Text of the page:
04 August 2013 @ 05:51 pm
Our family went on a Heritage Tour to let Matthew and Elizabeth see China. This particular tour is arranged through what used to be called the Chinese Center for Adoption Affairs - the department that processes both domestic and foreign adoption paperwork - and Bridge of Love Adoptive Services - a branch of the Chinese Civil Affairs Office that arranges those adoptions. I had originally planned on blogging or keeping a journal while in China, but internet was so spotty and unreliable that I couldn't really blog from there.

So, Day 1. July 13 2013 we leave for China. We decided to pack into one large suitcase and 3 carry-on size bags. We brought a fair number of snacks for the kids, as we had no idea whether or not Matthew would eat any local food in China - he doesn't like food with sauce or rice. I was seriously concerned that he'd starve, it's not like he carries any extra weight!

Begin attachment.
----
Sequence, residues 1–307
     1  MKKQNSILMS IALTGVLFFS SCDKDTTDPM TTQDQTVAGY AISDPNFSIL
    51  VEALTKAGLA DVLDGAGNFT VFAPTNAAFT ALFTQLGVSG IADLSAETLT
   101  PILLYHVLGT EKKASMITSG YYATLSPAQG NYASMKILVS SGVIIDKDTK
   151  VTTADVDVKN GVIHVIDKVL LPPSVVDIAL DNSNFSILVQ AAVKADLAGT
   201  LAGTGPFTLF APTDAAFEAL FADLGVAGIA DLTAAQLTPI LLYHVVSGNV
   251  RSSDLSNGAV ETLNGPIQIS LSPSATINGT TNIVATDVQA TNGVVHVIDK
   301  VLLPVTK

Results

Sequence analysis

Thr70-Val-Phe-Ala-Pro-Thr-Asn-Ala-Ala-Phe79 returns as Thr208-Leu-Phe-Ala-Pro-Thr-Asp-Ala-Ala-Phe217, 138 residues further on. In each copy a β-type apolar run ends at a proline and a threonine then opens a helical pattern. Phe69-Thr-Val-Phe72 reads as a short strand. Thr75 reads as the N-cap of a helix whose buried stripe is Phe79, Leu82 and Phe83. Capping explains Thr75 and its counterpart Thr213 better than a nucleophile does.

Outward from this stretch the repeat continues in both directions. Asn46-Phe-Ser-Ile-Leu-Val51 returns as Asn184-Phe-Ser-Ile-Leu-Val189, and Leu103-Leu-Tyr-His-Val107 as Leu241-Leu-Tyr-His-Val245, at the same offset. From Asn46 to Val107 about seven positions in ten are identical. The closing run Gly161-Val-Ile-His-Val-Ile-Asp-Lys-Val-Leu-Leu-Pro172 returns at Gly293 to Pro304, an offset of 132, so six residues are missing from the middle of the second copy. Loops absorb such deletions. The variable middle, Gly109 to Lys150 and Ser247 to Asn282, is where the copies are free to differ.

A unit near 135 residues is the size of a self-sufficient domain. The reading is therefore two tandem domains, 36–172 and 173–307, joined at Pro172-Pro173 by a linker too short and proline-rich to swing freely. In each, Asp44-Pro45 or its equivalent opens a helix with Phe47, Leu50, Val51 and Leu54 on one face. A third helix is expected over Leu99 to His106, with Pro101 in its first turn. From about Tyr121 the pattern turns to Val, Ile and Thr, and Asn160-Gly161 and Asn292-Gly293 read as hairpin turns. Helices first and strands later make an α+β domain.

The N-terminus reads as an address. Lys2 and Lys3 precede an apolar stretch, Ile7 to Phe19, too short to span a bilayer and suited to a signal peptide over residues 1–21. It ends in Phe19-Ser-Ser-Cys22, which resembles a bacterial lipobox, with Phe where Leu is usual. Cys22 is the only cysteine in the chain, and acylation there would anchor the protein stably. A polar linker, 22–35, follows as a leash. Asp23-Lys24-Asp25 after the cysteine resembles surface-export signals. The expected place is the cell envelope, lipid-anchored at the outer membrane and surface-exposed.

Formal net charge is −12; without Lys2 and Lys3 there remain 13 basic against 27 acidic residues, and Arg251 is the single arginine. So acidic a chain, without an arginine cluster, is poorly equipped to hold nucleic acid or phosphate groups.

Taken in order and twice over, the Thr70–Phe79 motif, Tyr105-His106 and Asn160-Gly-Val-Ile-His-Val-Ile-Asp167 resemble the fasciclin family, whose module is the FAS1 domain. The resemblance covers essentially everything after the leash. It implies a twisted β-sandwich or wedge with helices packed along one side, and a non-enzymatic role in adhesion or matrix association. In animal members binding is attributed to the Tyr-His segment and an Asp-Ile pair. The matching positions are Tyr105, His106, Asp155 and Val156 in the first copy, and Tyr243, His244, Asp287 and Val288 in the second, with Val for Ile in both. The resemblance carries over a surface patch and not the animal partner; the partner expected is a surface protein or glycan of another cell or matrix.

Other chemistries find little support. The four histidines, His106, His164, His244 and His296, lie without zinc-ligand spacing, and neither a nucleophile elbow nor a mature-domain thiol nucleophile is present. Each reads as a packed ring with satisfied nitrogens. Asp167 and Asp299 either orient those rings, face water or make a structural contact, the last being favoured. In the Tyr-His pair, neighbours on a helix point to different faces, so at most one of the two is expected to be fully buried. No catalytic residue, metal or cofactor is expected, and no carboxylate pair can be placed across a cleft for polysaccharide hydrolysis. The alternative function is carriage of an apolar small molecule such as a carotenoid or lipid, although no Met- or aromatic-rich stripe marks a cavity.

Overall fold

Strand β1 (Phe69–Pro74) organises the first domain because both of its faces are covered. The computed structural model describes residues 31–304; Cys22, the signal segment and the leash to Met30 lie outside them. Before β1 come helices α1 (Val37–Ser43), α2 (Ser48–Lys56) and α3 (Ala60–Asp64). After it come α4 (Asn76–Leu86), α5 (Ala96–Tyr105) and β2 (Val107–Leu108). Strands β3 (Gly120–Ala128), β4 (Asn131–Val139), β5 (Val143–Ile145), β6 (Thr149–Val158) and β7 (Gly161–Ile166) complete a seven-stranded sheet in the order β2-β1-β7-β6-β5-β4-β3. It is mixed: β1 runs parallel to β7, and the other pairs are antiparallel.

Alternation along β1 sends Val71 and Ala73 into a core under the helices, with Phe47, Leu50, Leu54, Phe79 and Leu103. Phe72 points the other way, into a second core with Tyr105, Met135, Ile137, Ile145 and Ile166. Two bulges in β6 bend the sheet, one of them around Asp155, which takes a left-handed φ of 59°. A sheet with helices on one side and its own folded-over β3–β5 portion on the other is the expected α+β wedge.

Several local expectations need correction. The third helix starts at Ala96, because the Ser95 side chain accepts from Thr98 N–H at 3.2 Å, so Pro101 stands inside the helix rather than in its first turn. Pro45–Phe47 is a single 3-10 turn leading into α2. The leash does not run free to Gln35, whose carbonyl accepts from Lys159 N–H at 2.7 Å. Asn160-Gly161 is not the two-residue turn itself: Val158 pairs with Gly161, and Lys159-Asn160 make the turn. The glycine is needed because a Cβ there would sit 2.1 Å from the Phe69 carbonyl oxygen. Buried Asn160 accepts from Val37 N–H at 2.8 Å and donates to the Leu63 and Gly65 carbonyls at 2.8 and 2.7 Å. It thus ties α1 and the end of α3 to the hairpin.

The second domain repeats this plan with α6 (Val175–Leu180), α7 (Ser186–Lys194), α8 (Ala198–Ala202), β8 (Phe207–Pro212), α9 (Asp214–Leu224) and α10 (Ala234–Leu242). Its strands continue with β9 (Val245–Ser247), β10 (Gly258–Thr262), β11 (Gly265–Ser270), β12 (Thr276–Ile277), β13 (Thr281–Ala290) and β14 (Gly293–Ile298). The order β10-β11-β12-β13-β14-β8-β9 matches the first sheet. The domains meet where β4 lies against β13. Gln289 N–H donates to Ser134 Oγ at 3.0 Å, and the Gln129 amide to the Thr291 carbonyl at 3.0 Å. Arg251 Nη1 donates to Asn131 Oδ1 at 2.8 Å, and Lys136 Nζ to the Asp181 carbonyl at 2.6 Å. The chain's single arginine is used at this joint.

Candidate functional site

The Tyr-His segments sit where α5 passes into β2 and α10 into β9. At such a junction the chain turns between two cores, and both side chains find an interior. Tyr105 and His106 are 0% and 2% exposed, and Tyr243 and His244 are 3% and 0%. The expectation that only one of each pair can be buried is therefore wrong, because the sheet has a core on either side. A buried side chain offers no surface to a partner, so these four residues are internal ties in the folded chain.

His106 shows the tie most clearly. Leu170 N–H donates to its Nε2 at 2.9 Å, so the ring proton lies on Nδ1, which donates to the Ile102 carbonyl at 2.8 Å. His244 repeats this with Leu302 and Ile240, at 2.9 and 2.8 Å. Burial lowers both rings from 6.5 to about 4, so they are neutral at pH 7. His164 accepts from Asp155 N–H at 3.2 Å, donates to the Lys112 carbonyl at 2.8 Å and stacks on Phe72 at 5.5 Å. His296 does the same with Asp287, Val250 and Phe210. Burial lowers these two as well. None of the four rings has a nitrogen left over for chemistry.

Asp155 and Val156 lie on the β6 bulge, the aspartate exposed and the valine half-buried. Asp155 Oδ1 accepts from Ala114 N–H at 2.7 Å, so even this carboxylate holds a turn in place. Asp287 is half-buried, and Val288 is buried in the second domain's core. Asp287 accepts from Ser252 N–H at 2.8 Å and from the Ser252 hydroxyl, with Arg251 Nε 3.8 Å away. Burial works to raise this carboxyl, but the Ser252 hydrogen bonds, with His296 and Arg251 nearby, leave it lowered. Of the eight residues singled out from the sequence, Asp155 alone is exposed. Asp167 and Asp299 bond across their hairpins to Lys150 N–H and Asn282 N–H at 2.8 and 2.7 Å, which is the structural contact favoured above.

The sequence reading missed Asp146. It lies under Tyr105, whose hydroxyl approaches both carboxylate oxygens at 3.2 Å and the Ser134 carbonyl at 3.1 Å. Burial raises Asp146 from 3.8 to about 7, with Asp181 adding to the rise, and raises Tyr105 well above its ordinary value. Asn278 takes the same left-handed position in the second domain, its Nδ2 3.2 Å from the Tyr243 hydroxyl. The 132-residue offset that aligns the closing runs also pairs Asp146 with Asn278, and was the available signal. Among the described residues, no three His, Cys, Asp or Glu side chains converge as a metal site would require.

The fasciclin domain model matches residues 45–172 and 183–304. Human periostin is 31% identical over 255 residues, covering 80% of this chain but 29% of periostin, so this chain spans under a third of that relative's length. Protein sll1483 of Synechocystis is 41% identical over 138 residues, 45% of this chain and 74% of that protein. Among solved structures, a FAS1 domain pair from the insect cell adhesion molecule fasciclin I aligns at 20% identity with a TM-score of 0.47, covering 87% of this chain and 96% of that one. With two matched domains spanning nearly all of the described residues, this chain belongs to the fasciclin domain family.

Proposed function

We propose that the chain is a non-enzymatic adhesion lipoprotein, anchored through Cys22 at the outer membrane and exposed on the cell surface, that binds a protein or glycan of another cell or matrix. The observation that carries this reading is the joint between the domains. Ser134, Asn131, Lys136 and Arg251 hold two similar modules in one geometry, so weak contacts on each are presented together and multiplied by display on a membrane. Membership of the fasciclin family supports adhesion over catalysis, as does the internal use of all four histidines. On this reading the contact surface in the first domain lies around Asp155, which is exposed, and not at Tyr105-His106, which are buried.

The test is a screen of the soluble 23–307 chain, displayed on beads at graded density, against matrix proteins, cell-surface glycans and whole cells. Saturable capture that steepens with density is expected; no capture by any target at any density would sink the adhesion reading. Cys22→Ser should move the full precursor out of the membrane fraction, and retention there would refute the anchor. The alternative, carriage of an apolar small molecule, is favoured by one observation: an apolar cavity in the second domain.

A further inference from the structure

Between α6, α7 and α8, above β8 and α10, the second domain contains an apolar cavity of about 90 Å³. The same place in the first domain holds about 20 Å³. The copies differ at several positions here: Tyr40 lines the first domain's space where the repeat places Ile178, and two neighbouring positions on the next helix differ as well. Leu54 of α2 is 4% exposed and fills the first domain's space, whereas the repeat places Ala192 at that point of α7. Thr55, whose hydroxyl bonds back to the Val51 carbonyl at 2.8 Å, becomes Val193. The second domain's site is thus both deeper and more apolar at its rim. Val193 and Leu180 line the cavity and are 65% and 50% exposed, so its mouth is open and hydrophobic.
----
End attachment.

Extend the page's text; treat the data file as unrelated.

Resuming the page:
Lucky for us, there is a direct flight from our nearest airport to Beijing. The brutal part about traveling so far - you get stuck in an airplane for 13 (or more) hours. In a coach seat. Surrounded by other people stuck on the same plane. Ugh.

We have 12 hours of time change to China, plus the 13 or so hours of flight means that we leave Saturday at 1pm and arrive on Sunday at 2:30 pm. The flight was choppy. Really choppy. I got airsick for the second time in my life - the last time was in 1991 when returning from London. Alex, who loves roller coasters, couldn't even sleep through the chop. Chris and I barely slept, as he can't sleep sitting up, and I had an infant in the seat in front of me. After crying for a very long time, said infant went to sleep about 20 minutes after I gave up on sleep. On the plus side, there are a lot of movies available to watch while on a long-haul overseas flight. I considered watching "A Beautiful Mind" for old-times sake; I had watched that movie when we adopted Matthew. Instead, I picked "Silver Linings Playbook" and some TV shows.